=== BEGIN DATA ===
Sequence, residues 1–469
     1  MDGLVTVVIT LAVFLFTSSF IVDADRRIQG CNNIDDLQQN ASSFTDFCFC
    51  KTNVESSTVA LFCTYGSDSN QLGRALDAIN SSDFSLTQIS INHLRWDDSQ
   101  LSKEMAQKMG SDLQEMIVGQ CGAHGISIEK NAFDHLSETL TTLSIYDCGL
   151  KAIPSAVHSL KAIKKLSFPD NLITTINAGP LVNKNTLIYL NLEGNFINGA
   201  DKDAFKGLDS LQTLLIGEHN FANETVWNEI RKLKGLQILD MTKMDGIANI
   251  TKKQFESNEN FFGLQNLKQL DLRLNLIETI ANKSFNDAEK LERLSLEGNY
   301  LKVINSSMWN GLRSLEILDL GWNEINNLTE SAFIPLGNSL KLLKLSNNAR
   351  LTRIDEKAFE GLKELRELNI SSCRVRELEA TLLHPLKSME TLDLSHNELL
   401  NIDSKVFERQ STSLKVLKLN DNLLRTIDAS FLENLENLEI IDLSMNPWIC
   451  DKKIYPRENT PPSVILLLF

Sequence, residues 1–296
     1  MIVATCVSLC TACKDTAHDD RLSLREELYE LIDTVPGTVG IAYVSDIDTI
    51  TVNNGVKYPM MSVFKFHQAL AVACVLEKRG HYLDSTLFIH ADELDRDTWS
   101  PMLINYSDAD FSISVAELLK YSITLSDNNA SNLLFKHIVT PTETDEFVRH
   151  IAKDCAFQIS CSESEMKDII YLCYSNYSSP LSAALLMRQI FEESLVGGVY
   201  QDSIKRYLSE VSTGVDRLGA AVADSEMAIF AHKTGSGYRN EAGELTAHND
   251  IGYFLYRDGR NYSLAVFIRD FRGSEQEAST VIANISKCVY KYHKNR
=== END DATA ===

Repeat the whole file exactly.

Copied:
Sequence, residues 1–469
     1  MDGLVTVVIT LAVFLFTSSF IVDADRRIQG CNNIDDLQQN ASSFTDFCFC
    51  KTNVESSTVA LFCTYGSDSN QLGRALDAIN SSDFSLTQIS INHLRWDDSQ
   101  LSKEMAQKMG SDLQEMIVGQ CGAHGISIEK NAFDHLSETL TTLSIYDCGL
   151  KAIPSAVHSL KAIKKLSFPD NLITTINAGP LVNKNTLIYL NLEGNFINGA
   201  DKDAFKGLDS LQTLLIGEHN FANETVWNEI RKLKGLQILD MTKMDGIANI
   251  TKKQFESNEN FFGLQNLKQL DLRLNLIETI ANKSFNDAEK LERLSLEGNY
   301  LKVINSSMWN GLRSLEILDL GWNEINNLTE SAFIPLGNSL KLLKLSNNAR
   351  LTRIDEKAFE GLKELRELNI SSCRVRELEA TLLHPLKSME TLDLSHNELL
   401  NIDSKVFERQ STSLKVLKLN DNLLRTIDAS FLENLENLEI IDLSMNPWIC
   451  DKKIYPRENT PPSVILLLF

Sequence, residues 1–296
     1  MIVATCVSLC TACKDTAHDD RLSLREELYE LIDTVPGTVG IAYVSDIDTI
    51  TVNNGVKYPM MSVFKFHQAL AVACVLEKRG HYLDSTLFIH ADELDRDTWS
   101  PMLINYSDAD FSISVAELLK YSITLSDNNA SNLLFKHIVT PTETDEFVRH
   151  IAKDCAFQIS CSESEMKDII YLCYSNYSSP LSAALLMRQI FEESLVGGVY
   201  QDSIKRYLSE VSTGVDRLGA AVADSEMAIF AHKTGSGYRN EAGELTAHND
   251  IGYFLYRDGR NYSLAVFIRD FRGSEQEAST VIANISKCVY KYHKNR